Development Plan for a Lead-Carbon-Fiber Low-CTE Laminate by Nowandforever

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									         Development Plan for a Lead-Carbon-Fiber Low-CTE Laminate

Goal: Develop a laminate of carbon fiber and lead foils, with a total of thickness
of 20% to 25% (TBD) radiation lengths and a CTE that closely matches that of
silicon. To minimize the thickness and amount of low-Z material, we prefer to
use prepreg sheets of carbon-fiber and cure them together with the lead foils. If
this does not work, a backup solution is to use finished carbon-fiber sheets
laminated with lead using room-temperature-cure adhesive.

This program should be completed by the time of the GLAST PDR (August
2001). The first step, to test the concept, should be completed by about the end
of June 2000, so that we can know whether we are proceeding in the right
direction.

1) Test the concept: Very quickly find small quantities of lead sheet and graphite
   fiber prepregs in the right range of properties, and design a simple 3 to 5 layer
   sandwich sample (about 5cm by 5cm maybe, the exact value of the CTE is
   not so important). Have that sample built and model it for CTE. Then run a
   CTE test (2 directions, 0 and 90 degrees, at least) to validate the modeling.
   Finally run a thermal cycling test, looking for fatigue induced delamination.
   The primary goals are to uncover any unexpected difficulties in
   manufacturing, to find out if delamination is critical, and to validate the
   modeling

2) Talk to composite manufacturers and materials specialists to uncover any
   other possible issues with lead/GFRP layered composites (such as long term
   chemical interactions, electro-chemical corrosion issues, etc.).

3) Examine and discuss with manufacturers health risk issues related to this use
   of lead (most manufacturers will take this very seriously).

4) Further discuss manufacturing with composite manufacturers. As a result of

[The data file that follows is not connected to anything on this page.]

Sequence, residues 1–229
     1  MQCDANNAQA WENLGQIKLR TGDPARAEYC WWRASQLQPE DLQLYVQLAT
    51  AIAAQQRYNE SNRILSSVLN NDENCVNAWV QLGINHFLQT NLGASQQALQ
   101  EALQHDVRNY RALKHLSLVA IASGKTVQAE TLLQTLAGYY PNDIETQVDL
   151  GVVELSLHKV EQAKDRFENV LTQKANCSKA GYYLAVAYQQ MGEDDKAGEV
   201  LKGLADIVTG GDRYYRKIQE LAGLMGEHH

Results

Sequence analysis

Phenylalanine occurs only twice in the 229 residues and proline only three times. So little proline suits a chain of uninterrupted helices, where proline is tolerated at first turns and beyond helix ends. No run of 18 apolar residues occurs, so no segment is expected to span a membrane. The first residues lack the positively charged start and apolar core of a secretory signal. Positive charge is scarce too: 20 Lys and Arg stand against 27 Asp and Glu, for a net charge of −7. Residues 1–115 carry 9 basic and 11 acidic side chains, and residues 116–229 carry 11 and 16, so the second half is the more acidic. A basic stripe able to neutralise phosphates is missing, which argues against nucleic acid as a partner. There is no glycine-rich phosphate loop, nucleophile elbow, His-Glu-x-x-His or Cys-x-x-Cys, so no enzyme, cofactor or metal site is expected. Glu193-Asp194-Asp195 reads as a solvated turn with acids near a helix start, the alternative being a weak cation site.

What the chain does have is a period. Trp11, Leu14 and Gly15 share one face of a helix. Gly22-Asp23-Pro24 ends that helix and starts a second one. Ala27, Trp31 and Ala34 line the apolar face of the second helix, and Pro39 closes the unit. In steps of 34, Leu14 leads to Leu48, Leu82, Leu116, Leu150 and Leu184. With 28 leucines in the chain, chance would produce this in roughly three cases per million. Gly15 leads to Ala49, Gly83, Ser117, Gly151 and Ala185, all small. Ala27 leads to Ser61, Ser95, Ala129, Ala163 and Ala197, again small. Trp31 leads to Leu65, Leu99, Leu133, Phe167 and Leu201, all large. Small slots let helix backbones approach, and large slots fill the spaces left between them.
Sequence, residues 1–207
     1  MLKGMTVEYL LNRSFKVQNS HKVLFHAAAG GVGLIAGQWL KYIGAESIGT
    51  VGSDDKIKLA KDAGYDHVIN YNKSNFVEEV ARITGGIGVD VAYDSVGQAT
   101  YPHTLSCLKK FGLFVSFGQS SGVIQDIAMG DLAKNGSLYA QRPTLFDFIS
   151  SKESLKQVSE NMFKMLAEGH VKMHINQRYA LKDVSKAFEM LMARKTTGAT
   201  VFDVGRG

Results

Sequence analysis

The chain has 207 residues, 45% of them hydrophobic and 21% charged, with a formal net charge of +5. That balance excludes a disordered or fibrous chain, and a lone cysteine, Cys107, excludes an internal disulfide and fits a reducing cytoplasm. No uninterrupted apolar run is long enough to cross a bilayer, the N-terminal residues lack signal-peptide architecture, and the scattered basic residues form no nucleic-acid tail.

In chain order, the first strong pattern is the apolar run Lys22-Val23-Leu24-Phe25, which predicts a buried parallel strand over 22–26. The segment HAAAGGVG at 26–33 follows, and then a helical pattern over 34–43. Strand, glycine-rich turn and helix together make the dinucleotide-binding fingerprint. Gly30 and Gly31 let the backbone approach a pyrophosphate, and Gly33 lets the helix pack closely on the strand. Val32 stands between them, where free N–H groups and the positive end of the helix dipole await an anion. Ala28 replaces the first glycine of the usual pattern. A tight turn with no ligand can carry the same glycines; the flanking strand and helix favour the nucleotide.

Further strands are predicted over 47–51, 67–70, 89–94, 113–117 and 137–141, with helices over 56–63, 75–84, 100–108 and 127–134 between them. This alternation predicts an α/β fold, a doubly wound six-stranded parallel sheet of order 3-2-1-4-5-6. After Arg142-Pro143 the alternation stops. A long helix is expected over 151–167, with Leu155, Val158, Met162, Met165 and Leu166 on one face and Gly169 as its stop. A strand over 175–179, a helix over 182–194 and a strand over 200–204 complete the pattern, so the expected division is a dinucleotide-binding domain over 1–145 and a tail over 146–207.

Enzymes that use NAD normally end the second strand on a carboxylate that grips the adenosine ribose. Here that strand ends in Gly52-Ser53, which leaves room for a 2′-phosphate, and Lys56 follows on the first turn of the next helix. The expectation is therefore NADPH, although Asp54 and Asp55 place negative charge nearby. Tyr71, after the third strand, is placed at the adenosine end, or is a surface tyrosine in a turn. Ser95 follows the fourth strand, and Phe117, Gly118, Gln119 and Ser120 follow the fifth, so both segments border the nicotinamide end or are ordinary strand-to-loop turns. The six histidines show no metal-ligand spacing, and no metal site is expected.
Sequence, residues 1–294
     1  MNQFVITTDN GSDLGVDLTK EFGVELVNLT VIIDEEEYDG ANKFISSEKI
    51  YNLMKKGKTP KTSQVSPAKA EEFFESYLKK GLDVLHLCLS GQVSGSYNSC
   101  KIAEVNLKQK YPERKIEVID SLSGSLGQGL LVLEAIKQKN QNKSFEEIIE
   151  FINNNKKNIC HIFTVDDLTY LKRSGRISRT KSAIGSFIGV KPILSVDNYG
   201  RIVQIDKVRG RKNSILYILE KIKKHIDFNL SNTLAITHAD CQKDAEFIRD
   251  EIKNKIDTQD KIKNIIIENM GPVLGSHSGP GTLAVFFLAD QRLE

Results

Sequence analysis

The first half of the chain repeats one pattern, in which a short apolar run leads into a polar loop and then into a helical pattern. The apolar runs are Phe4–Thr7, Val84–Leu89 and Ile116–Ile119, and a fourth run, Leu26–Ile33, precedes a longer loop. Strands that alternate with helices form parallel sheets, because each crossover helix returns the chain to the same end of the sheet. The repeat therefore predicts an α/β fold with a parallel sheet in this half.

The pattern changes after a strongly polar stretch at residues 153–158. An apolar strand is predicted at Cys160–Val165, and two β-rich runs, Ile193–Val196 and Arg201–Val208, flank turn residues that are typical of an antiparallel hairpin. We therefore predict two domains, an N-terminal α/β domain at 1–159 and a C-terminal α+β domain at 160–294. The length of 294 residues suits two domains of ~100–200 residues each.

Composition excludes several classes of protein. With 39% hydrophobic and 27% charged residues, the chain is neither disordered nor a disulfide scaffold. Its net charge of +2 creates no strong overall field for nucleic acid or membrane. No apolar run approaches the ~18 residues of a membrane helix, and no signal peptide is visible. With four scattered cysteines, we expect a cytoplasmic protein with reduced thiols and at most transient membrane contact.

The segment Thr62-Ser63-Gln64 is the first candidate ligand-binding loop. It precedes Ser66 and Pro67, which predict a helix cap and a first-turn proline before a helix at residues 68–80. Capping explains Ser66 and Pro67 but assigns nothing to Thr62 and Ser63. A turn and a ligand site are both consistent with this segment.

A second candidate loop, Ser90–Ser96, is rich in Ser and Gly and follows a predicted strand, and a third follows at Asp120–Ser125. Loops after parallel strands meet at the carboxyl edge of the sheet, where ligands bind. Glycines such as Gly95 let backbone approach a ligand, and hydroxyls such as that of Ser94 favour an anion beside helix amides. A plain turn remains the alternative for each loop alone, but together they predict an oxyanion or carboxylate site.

this we would narrow down the possible selections of fiber and matrix
   systems (i.e. epoxies vs cyanates, cure temperatures, etc...)., and get a better
   feel for manufacturing parameters (pressure, temperature, fiber volume
   content that can be achieved, fabrics VS unitape, etc.).

5) Based on what was learned above, down-select to one (or two at most)
   fiber/matrix systems for the layering and get cost, delivery, and material
   property information from suppliers and/or literature.

6) Repeat the design/optimization calculations based on the selected
   fiber/matrix system(s), and design a SuperGLAST converter. Here we need
   some final input on the desired radiation lengths.
7) Have at least one sample built, but preferably 5 or 10 samples produced in
   separate batches so that we get some idea of repeatability in manufacturing
   (which is always an concern with composites).

8) Test those samples for CTE (two directions minimum) and creep, and
   temperature cycle them to check for delamination. It may be useful to
   perform some other mechanical strength test as well, mostly to get a feel for
   the margin of safety to delamination (maybe a 3-point bend test).

9) If the approach is viable, get quotations for multiple manufacturers for
   production quantities of SuperGlast converters.

10) Select one or two vendor(s) and order a few samples from them to validate
    their process. This of course can be avoided if the same manufacturer is
    used in development and production.

								
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